The waves and tides of cellular morphogenesis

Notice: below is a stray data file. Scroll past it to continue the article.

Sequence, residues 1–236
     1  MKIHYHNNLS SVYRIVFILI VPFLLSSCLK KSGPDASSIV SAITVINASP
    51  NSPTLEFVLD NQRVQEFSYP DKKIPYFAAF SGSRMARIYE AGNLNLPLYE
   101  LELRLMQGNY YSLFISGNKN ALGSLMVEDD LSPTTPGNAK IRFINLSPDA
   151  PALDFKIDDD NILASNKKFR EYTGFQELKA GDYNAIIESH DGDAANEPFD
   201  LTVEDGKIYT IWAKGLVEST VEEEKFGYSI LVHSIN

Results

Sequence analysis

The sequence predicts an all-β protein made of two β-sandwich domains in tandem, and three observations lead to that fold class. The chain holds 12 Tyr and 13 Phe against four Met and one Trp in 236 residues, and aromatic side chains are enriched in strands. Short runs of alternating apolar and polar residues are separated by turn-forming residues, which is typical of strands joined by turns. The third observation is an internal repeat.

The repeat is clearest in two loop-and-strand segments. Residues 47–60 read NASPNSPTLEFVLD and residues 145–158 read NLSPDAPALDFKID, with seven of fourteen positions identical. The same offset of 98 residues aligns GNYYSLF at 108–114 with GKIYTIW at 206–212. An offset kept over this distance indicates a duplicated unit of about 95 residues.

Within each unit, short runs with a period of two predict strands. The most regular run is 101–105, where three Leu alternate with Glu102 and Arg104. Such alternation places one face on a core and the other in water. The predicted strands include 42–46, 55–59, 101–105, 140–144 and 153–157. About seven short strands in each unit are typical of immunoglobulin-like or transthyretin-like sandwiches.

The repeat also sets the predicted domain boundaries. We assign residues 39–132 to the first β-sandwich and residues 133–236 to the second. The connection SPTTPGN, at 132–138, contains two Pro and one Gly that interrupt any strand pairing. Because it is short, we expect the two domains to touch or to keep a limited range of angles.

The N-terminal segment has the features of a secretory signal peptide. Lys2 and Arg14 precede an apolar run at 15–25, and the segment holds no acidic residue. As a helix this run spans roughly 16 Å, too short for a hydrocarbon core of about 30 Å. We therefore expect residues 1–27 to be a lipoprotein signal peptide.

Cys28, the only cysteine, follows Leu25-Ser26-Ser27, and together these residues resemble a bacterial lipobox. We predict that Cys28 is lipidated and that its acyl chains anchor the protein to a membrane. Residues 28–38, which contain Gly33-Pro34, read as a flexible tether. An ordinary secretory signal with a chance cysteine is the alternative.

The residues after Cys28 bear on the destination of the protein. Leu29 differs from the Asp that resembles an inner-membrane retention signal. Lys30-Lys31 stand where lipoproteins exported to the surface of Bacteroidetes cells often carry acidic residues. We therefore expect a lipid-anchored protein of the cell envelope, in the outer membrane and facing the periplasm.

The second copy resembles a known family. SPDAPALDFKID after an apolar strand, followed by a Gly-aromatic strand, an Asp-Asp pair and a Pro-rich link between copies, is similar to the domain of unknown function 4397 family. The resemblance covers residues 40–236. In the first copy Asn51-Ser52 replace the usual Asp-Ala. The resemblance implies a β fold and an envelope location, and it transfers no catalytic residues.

Live imaging of actomyosin networks and membrane markers has revealed an unexpectedly high degree of network dynamics during cellular morphogenesis. Although the actomyosin intensity levels are sometimes steady, for example during cytokinesis, there exist other situations in which they fluctuate dramatically over a few tens of seconds (Martin et al., 2009). These fluctuations are characterized by cycles of recruitment of Myo II and its coalescence to form bigger aggregates, causing spatial deformation, followed by disassembly. These pulsed contractions of actomyosin networks are conserved across species and, depending on the context, can result in completely different outcomes at the cellular level. For instance, the Myo II contractions in the medial apical plane of the Drosophila mesoderm correlate with constriction of the apical cell surface (Martin et al., 2009). Similar pulses were reported in the nematode endoderm (Roh-Johnson et al., 2012). Myo II pulses in the Drosophila ectoderm control steps of junction shrinkage (Rauzi et al., 2010), which facilitates cell intercalation thereby extending the tissue. Deformations caused by the pulsatile activity of Myo II are often interspersed with stabilization phases to create a step-wise unidirectional process that allows irreversible shape changes, a phenomenon analogous to a mechanical ratchet (reviewed by Mason and Martin, 2011). However, what regulates Myo II spatially and temporally to generate these pulsed contractions during morphogenesis still remains unclear. It is possible that the localization, amplitude and frequency of the pulses are under the control of separate regulatory mechanisms, each controlling the type, range and speed of deformation, respectively.